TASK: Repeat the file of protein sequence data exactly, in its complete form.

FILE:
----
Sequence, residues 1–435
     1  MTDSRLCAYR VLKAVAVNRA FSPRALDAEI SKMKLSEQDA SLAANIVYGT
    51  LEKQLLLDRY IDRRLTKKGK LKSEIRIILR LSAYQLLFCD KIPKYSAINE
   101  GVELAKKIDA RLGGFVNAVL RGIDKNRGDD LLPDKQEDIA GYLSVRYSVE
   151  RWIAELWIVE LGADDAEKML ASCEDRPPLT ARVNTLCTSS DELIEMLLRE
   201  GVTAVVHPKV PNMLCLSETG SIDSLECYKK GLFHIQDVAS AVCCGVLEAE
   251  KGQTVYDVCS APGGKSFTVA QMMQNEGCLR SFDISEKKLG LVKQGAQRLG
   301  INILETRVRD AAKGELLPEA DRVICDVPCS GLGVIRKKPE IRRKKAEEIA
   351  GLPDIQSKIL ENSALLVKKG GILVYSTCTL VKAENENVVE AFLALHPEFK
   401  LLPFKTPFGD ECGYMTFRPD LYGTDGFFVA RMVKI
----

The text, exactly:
Sequence, residues 1–435
     1  MTDSRLCAYR VLKAVAVNRA FSPRALDAEI SKMKLSEQDA SLAANIVYGT
    51  LEKQLLLDRY IDRRLTKKGK LKSEIRIILR LSAYQLLFCD KIPKYSAINE
   101  GVELAKKIDA RLGGFVNAVL RGIDKNRGDD LLPDKQEDIA GYLSVRYSVE
   151  RWIAELWIVE LGADDAEKML ASCEDRPPLT ARVNTLCTSS DELIEMLLRE
   201  GVTAVVHPKV PNMLCLSETG SIDSLECYKK GLFHIQDVAS AVCCGVLEAE
   251  KGQTVYDVCS APGGKSFTVA QMMQNEGCLR SFDISEKKLG LVKQGAQRLG
   301  INILETRVRD AAKGELLPEA DRVICDVPCS GLGVIRKKPE IRRKKAEEIA
   351  GLPDIQSKIL ENSALLVKKG GILVYSTCTL VKAENENVVE AFLALHPEFK
   401  LLPFKTPFGD ECGYMTFRPD LYGTDGFFVA RMVKI